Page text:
"It is pointed out with pride at Ole Miss that few beards are seen." At a place where Confederate flags are waved I found that quote to be amusing. Didn't Jefferson Davis wear a beard?

From your article, all that I can conclude is that when today's college students in America become tomorrow's leaders, America will still be in a perilous state.
PETER MORGAN
Boston

Sirs:
Cheerleading is one thing and student activism is another. The combination, on the field or in print, is incongruous.

We go strong for the Purdue-type cheerleading—Diane Teder, Girl Scouts, milk shakes and a world of cheering optimism. Let's not give up a good thing!

I guess Pat Ryan just couldn't make the squad.
J.J. WEISHAAR JR.
Nyack, N.Y.

SHIVERED TIMBERS
Sirs:
In Hugh Whall's otherwise excellent account of Ondine's ordeal in the Sydney-Hobart race (The Hard Way to Hobart, Jan. 13) you have created a geographical paradox, to put it politely. In fact, it shivered my timbers. You say, "Bound southward from Germany around Cape Horn to Sydney...[Ondine] snapped off her mainmast in the Indian Ocean some 5,000 miles west of Sydney."

I suspect that Whall's cable read BOUND SOUTHWARD AROUND THE CAPE, and then some overeager editorial pencil made it "Cape Horn" instead of the Cape of Good Hope. The two are as far apart linguistically as they are geographically. Allow me to quote you a master mariner who was also a master storyteller. In The Mirror of the Sea (1906), Joseph Conrad writes:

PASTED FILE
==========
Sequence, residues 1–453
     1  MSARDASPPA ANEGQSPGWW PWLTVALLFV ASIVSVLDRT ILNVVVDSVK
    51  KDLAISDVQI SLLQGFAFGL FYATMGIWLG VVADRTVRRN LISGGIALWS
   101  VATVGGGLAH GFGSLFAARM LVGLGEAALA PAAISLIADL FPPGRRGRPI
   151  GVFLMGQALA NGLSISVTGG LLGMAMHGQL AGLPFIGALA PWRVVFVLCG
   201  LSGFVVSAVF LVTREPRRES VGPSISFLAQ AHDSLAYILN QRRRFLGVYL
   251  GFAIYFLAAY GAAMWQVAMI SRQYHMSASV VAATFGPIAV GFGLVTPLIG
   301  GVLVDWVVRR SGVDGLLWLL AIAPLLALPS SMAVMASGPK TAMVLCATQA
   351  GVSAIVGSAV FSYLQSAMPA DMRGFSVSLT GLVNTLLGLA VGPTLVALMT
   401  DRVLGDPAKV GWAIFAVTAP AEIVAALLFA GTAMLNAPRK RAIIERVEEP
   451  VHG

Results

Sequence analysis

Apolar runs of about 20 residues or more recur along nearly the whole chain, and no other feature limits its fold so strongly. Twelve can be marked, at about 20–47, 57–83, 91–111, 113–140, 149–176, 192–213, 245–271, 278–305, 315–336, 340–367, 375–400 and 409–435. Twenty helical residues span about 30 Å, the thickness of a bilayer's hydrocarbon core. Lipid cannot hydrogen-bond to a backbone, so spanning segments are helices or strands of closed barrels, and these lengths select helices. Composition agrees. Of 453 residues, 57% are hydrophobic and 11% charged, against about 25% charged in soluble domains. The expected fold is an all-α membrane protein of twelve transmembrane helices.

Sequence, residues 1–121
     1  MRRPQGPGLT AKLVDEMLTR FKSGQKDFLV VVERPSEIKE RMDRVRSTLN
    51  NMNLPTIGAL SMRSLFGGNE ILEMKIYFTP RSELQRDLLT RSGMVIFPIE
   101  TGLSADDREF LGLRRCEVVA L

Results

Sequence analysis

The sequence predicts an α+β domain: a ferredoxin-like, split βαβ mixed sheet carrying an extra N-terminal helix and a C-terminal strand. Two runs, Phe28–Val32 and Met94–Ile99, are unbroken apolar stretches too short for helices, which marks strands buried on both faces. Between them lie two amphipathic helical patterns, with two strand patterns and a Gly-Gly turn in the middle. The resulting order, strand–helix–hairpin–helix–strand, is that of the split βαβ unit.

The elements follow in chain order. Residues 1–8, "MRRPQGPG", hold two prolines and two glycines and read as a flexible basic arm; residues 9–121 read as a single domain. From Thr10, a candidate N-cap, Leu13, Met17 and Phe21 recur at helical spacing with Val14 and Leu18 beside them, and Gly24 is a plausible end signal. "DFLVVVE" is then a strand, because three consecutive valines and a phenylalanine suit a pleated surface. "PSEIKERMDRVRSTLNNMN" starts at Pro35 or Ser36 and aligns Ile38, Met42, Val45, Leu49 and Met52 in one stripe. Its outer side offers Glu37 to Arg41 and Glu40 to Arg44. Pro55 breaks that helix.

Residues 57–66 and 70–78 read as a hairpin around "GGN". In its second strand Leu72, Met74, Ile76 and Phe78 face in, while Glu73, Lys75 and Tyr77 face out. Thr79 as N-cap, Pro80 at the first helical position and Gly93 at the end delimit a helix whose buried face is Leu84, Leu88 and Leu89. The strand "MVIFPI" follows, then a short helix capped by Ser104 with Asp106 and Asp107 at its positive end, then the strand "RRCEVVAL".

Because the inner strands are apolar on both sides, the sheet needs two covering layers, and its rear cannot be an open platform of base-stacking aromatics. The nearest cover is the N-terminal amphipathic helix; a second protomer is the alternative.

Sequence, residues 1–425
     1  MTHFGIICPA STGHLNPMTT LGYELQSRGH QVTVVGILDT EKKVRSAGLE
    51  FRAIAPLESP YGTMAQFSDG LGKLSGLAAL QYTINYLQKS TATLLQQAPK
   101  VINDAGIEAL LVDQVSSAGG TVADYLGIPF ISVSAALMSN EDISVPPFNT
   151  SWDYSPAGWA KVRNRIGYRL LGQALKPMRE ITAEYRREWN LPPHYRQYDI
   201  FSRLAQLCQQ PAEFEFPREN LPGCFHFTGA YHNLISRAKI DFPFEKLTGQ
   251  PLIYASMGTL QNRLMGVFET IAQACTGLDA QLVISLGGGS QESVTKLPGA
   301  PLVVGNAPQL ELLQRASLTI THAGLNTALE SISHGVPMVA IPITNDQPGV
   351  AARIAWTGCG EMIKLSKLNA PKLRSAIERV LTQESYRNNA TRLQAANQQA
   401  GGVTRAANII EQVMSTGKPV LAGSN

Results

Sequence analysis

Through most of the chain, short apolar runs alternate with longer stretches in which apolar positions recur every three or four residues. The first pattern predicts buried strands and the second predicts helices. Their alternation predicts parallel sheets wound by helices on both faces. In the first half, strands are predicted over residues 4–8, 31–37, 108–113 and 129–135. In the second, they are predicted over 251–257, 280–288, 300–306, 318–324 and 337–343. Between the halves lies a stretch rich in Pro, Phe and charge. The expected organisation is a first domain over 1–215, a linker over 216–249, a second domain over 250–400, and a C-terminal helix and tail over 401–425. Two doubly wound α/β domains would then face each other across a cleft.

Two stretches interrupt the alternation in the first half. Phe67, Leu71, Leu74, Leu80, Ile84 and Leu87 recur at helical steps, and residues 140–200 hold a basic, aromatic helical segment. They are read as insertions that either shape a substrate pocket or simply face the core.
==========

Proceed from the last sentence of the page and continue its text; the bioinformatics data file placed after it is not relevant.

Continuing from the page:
"It was somewhere near the Cape—The Cape being, of course, the Cape of Good Hope.... And whether it is...because men are shy of confessing their good hopes, it has become the nameless cape—the Cape, tout court. The other great cape of the world, strangely enough, is seldom if ever called a cape. We say 'a voyage round the Horn;' 'we rounded the Horn;' 'we got a frightful battering off the Horn;' but rarely 'Cape Horn.' "

Shyly or no, I confess my good hope that you will restore our Good Hope.
PERRY GREENE
New York City

•Or, as Herman Melville put it in his White Jacket: "Sailor or landsman, there is some sort of Cape Horn for all. Boys! beware of it.... Greybeards! thank God it is passed."
—ED.

DEATH IN A SCHOOLYARD
Sirs: